Dima Yakovlev's law

In January 2013, Law No. 186614-6 entered into force in Russia, one of the amendments to which prohibits US citizens from adopting Russian children. It received the unspoken name "Dima Yakovlev's Law" in honor of a Russian child killed by foster American parents.

The fact that American citizens, usually without a twinge of conscience, handing over their parents to a nursing home gladly adopt children from Russia, and with physical and mental disabilities, has been known for a long time. And the point here is clearly not an awakened conscience or a desire to give your child your love, but a banal desire to make money. When adopting children, US federal law provides for a lot of benefits for such families: a lump sum, interest-free loans, preferential tax deductions. In addition, different states have fringe benefits. To save money, practical Americans quickly adopt a baby in Russia and begin to milk their state for money. Moreover, at best, they do not pay attention to the child, allowing them to coexist under a common roof over their heads, and at worst ... the case ends in a tragic ending. And here the fairest American court, given that the murdered child was a foreigner, fully acquits the parents, and sometimes does not even reach the court ...

Baby born in 2006 Dima Yakovlev, from the regional orphanage for children with organic lesions of the central nervous system with mental disorders, located in the city of Pechora, Pskov region, was adopted by the spouses Miles Harrison and Carol Lynn Exmann-Harrison on February 21, 2008 by the decision of the Pskov Regional Court (USA), who made three trips to Russia with the aim of adopting a child. Miles Harrison's adoptive father was the executive director of the consulting firm Project Solutions Group in Herndon, Virginia. Due to his good income, he was obliged to pay high taxes. Here a good legal way to deceive the state turned up by adopting a sick child and receiving maximum benefits and discounts. However, adopting a child in the United States is a big problem, since the guardianship service checks the future parents for several years, and after adoption comes to the child almost every week in order to make sure that he is given due care and is not exposed to domestic violence. A way out was found right away - in distant Russia, you can quickly find such a child for a small fee and issue documents for his custody within a few months ... the choice fell on Dima Yakovlev.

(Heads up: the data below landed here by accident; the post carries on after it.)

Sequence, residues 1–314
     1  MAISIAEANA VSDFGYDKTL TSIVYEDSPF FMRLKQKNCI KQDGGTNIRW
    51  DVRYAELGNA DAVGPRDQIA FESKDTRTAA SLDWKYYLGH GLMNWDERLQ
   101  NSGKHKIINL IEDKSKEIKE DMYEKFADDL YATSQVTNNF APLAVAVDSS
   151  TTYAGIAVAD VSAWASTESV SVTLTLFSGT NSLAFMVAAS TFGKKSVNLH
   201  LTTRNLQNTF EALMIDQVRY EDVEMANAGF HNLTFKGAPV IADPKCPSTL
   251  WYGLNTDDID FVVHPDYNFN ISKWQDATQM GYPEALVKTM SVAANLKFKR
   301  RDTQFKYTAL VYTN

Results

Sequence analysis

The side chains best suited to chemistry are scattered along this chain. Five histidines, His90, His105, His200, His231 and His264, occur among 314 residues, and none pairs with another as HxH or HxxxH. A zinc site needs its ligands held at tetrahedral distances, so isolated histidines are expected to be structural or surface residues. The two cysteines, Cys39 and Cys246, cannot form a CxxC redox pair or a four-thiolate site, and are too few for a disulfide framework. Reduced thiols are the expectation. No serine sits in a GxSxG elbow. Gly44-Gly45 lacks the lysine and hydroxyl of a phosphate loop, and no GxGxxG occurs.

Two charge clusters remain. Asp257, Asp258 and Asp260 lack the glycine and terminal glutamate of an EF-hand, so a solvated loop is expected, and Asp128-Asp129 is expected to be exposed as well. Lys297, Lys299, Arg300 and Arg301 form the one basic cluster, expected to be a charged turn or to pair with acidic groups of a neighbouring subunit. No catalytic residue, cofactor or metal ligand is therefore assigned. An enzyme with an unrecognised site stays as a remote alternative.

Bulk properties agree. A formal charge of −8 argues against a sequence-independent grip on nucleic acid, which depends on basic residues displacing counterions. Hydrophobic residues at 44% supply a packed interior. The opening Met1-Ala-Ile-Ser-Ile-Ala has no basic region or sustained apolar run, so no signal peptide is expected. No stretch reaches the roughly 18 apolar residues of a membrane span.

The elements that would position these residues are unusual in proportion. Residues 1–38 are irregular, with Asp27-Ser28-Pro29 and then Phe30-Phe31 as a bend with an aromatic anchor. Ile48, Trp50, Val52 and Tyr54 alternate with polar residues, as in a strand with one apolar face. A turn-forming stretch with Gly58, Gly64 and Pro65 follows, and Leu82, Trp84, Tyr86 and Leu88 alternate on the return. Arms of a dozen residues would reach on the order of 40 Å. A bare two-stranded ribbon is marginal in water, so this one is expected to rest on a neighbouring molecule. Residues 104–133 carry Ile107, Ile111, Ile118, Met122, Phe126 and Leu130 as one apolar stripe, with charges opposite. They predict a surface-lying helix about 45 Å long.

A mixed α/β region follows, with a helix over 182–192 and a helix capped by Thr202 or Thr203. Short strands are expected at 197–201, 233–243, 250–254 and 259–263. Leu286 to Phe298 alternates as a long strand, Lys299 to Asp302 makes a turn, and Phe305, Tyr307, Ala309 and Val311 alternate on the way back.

Four months after the adoption, 49-year-old Harrison killed the toddler, leaving Dima in the backseat of an SUV outside his office in the blazing sun. The child spent 8 hours in the car - in a 30-degree heat (in the cabin the temperature could rise up to 50 degrees). Dima's torment was aggravated by the fact that his father "according to all the rules" fastened the unfortunate with seat belts.

During the investigation, Miles Harrison said that he should have brought the child to kindergarten, but since he was in a hurry to work, he forgot about it. Under American law, his adoptive father, Miles Harrison, faced up to 10 years in prison for manslaughter, but on December 17 he was fully acquitted by an American court.

The Russian side was informed of the death of the child only after the case was publicized, in the form of a trial with the murderer's acquittal. Immediately, checks began on the fact of adoption, and as a result, it turned out that the child was repeatedly tried to take under guardianship by his own grandmother, but she was refused, moreover, her signature was forged on the child abandonment documents when adopted by American parents.

The decision of the American court in the Dima Yakovlev case caused a violent reaction in the Russian media and the government. The Ministry of Education and Science of the Russian Federation, through its diplomats, tried to obtain a revision of the acquittal, but to no avail. In response to the silence of American justice, a bill was drafted to ban the adoption of children by American families, which was implemented by a majority vote in the Duma. The raging American system immediately dragged in a political component and called the law "anti-magnetic." It was allegedly adopted in response to the American Magnitsky law banning 60 Russian officials from entering the United States who were involved or suspected of being involved in the death of Magnitsky, who was tortured to death in the KGB dungeons.